I feel as though my issues with needing to constantly do something has caused me to reach for the app as a quick distraction or solace when I’m unable to be productive. Learning this pitfall has helped me predict when I might feel the need to drown my thoughts in repetitive stimuli, so I’m better able to stop and think first. 

I personally would be able to live away from technology for a few weeks before I would start to miss my online hobbies and friends. I also don’t really care if other people think themselves superior in some way for being able to “last longer”; much of my life taking place online doesn’t have anything to do with my moral character. 

The Online Dishibition Effect by John Suler touches upon six different archetypes which describe the variety in which people might appear different on the internet. 

I most closely resemble the phrase he calls benign disinhibition, since I behave basically the same online versus in person. In fact, I tend to be a lot more personal and outgoing on the internet, because I don’t have to worry about confusing non-verbal language, and people can start and stop interactions whenever they feel comfortable.

This ties in with the invisibility description, but I interpret it much differently as an autistic person since eye-contact and facial expressions don’t often match how I feel inside. Funnily enough, I have always made strides to not be anonymous online; I have presented my full and true self since the first day and I don’t feel the need to be especially private here. 

I also appreciate the sense of asynchronicity in online messaging; I can have a fast-paced conversation over direct messages in one space, and leave a comment in another that I’m not expecting to be read let alone responded to for a while. Many of my friends come from different time zones and have varying levels of availability, so I’m very used to sending a message and forgetting about it.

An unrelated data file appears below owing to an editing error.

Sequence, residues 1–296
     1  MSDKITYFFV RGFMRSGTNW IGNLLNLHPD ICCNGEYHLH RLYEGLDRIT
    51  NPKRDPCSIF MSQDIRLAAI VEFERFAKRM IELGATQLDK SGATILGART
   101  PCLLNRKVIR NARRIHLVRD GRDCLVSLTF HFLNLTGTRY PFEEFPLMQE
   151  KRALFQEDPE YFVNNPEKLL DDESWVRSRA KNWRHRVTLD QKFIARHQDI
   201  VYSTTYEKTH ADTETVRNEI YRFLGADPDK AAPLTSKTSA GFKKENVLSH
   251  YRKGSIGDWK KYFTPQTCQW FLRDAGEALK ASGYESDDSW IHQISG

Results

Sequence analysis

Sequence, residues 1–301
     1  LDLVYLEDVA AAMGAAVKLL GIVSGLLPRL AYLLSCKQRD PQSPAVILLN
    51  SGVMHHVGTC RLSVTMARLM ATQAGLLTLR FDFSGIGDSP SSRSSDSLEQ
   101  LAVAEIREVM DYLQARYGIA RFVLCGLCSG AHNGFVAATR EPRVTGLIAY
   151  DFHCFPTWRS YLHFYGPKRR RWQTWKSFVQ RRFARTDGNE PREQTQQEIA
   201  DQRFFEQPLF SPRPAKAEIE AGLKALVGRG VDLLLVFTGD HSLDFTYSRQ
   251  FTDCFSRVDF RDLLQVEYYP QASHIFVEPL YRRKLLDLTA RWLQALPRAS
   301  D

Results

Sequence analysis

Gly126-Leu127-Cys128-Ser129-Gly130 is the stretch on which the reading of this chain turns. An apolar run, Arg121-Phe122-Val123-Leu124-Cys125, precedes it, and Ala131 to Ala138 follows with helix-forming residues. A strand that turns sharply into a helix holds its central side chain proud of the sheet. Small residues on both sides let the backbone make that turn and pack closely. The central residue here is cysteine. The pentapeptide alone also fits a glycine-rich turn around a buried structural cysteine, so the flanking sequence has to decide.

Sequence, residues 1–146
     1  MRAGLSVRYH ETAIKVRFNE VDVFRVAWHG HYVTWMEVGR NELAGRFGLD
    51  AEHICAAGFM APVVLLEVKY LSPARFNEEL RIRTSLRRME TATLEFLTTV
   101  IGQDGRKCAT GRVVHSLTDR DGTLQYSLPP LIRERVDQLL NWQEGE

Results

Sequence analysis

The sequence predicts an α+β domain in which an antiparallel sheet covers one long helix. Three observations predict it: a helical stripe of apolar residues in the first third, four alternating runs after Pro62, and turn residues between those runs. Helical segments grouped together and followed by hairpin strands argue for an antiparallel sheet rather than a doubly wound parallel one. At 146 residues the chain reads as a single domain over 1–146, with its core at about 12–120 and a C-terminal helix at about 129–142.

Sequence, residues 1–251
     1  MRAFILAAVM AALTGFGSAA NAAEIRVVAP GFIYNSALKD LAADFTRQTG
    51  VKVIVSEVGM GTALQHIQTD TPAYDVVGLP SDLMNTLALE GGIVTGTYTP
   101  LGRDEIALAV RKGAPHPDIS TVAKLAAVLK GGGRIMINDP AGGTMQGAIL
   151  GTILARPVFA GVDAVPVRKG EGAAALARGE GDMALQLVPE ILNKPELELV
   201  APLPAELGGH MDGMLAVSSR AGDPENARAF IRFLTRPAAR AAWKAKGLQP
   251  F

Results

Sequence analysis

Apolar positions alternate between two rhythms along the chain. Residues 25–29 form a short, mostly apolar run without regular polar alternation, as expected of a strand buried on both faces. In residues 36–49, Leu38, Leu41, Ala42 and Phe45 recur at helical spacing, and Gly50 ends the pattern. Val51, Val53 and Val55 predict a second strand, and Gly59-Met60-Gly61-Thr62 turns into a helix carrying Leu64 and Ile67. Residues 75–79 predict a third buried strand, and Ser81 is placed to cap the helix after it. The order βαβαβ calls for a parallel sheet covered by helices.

I also can have trouble forming complicated ideas or sentences through speech, whereas I’m able to infinitely change and proofread my paragraphs on a platform like this. I can definitely relate to the technique of drafting up a very vulnerable message and physically getting out of my seat when I hit send so I don’t get caught up in how the other person will react. 

While I obviously have a different perception of the people I know online compared to how they would appear in person, I take care to remember that they have their own rich lives and are definitely not just a part of my imagination. The only time I believe that other people aren’t real is when I’m experiencing intense paranoia, so luckily I don’t relate to this effect!

I believe that the minimizing of authority in the online sphere is largely a positive thing. I mostly experience this through being friends with a few professional artists and the rare times in which a well-known person interacts with me. 

I’ll wrap up this post since It’s getting long, but I do find the exploration of online identity to be incredibly interesting and it’s something I discuss with my online friends a lot.


Mod, C. (2017, January 13). How I got my attention back. Wired. Retrieved March 20, 2023, from

Suler, J. (2004, August 4). The Online Disinhibition Effect. Retrieved March 20, 2023, from


  • January 31, 2023